The Erna P. Kaldegg Endowment through the ETSU Office of Multicultural Affairs will present a special lecture event, “Muslim Woman Behind the Veil.”
It will feature guest speaker Zohra Sarwari, a groundbreaking author and educator, on Tuesday, Nov. 17, at 7:30 p.m. in the Culp Center 3rd floor Ballroom.
According to Sarwari, the lecture will address three topics: “What is terrorism? What do Muslims believe in? And why do Muslim women dress the way that they do?”
Sarwari is an international speaker, entrepreneur, publisher and proud mother of three children. She has written 14 books and three home-schooling curriculums.
Sarwari graduated high school in 1993 and got married shortly after.
She has obtained her bachelor’s degree in psychology and a master of business administration degree. On top of that, she is also pursuing a second bachelor’s degree in Islamic Studies.
Sarwari is an orthodox Muslim who moved to America with her family at age 6.
Living at first as a refugee, she traveled from New York to Virginia before eventually being able to settle down in California. Being a Muslim woman and growing up behind the veil, Sarwari has had to face many challenges throughout her life.
She has been forced to survive through unfounded stereotypes, foul comments, and harsh misunderstandings about her faith. She now tours the world to take opportunities to speak out about the truth and promote love and acceptance among different cultures.
Utilizing humor and accounts of her personal experiences, Sarwari will deliver a message of tolerance and diversity.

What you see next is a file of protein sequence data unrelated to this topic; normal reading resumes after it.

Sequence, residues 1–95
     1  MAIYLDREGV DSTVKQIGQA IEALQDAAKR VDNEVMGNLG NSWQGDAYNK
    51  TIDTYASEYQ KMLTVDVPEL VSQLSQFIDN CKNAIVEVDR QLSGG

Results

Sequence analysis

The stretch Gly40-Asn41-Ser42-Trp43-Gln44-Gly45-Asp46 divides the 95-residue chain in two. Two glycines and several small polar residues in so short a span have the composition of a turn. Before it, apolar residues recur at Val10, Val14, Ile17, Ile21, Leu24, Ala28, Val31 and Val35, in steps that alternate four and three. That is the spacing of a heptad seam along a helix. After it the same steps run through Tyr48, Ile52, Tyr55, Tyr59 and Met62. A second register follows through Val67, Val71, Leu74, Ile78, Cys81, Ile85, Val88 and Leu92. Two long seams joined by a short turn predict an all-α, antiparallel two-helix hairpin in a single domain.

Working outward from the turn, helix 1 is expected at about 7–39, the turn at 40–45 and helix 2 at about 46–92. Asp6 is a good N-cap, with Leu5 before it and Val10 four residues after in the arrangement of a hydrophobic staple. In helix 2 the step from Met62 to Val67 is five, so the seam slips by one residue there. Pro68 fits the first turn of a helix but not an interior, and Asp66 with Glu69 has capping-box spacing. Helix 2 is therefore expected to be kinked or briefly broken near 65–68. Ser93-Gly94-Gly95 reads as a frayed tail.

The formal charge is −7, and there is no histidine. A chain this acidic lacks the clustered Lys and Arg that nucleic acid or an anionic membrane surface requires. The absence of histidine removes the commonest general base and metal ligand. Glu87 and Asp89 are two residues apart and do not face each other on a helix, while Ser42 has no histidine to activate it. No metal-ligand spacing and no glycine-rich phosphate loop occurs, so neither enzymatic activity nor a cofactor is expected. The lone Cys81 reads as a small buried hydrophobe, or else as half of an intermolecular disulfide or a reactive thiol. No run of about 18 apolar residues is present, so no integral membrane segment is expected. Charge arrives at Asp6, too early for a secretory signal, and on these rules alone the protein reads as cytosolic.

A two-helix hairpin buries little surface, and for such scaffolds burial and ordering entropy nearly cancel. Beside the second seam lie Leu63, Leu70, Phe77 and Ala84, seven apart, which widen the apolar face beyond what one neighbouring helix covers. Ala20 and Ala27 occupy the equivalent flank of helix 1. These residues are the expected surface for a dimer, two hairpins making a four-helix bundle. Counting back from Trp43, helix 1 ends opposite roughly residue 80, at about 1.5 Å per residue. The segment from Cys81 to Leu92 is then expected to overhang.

“I pray that the audience members get out facts from my lecture,” Sarwari said. “They are bombarded with opinions on TV, myths, misconceptions, and false information. I am here to combat the fiction with some facts. I want them to walk away enlightened by the truth and no longer fear their Muslim friends, neighbors or students.”
Sarwari said for her the most rewarding aspect of participating in this type of event is to have people come up to her afterward and tell her that they learned so much—that they felt they went around the globe and back to the U.S., within an hour.
“The power of a live lecture is that you get to meet the person, and they can answer your questions live,” Sarwari said. “They can cite sources for you and help you understand the issues we are going through.”
Part of International Education Week at ETSU, “Muslim Woman Behind the Veil” is free to attend, open to the public and a great way to broaden ones’ horizons and learn about a subject one may not have access to elsewhere.